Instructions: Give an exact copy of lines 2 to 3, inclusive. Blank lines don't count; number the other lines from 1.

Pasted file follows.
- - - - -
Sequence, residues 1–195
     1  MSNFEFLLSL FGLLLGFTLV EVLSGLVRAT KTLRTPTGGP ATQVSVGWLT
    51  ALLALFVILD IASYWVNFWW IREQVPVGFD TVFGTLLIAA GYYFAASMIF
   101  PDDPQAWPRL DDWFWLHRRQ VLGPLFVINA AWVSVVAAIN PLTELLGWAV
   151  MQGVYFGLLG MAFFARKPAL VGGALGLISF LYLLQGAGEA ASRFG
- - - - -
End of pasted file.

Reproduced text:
     1  MSNFEFLLSL FGLLLGFTLV EVLSGLVRAT KTLRTPTGGP ATQVSVGWLT
    51  ALLALFVILD IASYWVNFWW IREQVPVGFD TVFGTLLIAA GYYFAASMIF